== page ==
BILLINGS, Mont. — U.S. officials will not restore federal protections for Yellowstone-area grizzly bears, despite a court ruling that called into question the government’s rationale for turning grizzly management over to states that are now planning public hunts for the animals, according to an announcement Friday in in the Federal Register.
Watch as Grazer the brown bear rescues her cubs from a slide down Brooks Falls
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Grizz Quiz: How Much Do You Know About Grizzly Bears? | Short Film Showcase
Size Differences – Behavioral Differences
Grizzly / Brown Bear
The grizzly bear and brown bear are members of the same species of bear. Generally they are called grizzly bear when they are inland. In coastal regions of Alaska and Canada they are generally referred to as brown bear. These bears are much more aggressive than a black bear.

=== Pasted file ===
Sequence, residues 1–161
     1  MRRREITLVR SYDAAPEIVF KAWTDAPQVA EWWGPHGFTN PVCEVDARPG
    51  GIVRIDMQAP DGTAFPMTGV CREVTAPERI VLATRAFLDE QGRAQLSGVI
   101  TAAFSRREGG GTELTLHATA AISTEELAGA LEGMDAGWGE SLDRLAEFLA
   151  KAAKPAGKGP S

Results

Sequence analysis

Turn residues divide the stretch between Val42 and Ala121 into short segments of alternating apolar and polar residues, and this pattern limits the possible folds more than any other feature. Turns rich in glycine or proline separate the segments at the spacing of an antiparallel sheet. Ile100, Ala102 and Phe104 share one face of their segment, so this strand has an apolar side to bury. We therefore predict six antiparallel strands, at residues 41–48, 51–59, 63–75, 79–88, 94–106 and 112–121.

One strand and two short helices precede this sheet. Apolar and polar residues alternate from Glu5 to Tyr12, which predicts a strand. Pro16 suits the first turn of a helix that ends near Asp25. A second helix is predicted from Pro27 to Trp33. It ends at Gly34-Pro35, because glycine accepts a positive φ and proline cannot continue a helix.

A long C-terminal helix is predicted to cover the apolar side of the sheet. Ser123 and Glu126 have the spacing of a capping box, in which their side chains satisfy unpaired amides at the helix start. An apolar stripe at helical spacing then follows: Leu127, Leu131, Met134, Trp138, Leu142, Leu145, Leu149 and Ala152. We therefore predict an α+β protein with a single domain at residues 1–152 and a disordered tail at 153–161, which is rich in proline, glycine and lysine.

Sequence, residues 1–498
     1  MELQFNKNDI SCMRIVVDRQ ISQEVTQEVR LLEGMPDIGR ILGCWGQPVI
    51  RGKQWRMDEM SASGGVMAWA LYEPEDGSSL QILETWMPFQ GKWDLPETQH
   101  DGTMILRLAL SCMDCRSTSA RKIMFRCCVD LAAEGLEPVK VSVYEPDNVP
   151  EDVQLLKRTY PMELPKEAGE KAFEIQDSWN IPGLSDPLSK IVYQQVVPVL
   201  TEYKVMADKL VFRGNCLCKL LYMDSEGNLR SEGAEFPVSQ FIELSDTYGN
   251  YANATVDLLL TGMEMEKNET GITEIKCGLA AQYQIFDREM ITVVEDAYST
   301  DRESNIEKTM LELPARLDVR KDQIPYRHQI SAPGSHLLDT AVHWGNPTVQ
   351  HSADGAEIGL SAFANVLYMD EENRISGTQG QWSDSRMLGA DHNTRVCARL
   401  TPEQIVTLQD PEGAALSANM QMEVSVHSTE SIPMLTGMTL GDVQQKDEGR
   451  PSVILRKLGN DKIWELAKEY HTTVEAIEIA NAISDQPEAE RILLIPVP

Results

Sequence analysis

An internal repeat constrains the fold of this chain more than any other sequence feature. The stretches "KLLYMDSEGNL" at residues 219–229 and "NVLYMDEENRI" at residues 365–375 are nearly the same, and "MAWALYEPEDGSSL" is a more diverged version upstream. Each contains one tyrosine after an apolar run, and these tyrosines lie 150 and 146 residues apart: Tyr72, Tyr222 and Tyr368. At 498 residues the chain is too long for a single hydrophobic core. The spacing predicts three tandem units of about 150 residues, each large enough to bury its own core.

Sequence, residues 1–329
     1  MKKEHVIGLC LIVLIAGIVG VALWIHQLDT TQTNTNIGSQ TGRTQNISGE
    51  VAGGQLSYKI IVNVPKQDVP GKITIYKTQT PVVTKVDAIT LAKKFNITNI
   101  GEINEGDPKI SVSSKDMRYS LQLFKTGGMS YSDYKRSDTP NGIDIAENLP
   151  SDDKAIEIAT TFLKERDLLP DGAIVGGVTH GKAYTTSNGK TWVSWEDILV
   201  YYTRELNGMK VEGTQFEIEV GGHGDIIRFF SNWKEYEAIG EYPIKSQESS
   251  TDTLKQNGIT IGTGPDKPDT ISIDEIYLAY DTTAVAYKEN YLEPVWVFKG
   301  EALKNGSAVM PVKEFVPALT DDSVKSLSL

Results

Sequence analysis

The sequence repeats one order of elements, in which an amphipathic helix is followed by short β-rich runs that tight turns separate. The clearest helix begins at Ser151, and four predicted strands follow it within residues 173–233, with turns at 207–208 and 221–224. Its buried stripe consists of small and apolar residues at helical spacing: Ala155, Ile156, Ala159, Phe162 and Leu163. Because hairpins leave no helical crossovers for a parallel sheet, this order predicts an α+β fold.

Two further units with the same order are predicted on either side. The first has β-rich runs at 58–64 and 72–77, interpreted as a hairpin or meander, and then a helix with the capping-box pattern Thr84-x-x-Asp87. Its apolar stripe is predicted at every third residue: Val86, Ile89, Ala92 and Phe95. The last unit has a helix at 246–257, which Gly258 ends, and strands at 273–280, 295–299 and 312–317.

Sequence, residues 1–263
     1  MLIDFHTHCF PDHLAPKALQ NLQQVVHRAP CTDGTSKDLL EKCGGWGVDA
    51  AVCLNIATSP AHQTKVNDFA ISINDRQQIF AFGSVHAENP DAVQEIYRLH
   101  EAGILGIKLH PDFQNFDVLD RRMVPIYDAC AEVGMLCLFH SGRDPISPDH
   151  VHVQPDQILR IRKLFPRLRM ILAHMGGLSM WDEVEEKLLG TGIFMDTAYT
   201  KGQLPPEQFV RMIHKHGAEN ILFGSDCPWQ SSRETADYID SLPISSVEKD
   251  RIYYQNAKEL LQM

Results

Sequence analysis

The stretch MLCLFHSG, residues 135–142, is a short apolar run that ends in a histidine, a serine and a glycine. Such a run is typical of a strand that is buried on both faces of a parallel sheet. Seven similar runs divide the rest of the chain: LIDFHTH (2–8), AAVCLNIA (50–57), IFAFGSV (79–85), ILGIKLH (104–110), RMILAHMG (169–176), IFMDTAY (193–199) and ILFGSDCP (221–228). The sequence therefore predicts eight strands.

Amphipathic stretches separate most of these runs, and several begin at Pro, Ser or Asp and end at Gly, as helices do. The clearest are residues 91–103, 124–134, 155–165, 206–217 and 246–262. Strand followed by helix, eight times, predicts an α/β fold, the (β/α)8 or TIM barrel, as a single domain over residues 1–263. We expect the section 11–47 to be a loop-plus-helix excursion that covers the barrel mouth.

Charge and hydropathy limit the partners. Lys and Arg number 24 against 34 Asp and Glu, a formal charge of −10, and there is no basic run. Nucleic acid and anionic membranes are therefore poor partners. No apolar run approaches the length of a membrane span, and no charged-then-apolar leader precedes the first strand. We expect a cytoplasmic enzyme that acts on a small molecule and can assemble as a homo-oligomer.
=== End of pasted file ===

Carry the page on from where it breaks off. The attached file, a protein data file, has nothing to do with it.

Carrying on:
Brown bears (Ursus arctos) are among the largest living carnivores on the planet. Within the species there is considerable variation between individuals, which has led to the formation of two different subspecies — Kodiak bears (Ursus arctos middendorff) and grizzlies (Ursus arctos horribilis). Grizzly bears are the more common of the subspecies and are sometimes listed interchangeably with brown bears.
BASIC FACTS ABOUT GRIZZLY BEARS
Grizzly bears are majestic symbols of the wild. Bears live in and use a variety of habitat types, playing important roles in each one. This makes them an “umbrella species,” meaning that when we protect them and their habitat we also protect many species. Grizzly bears can also help ecosystems by distributing seeds and nutrients through their scat, and occasionally regulating ungulate populations.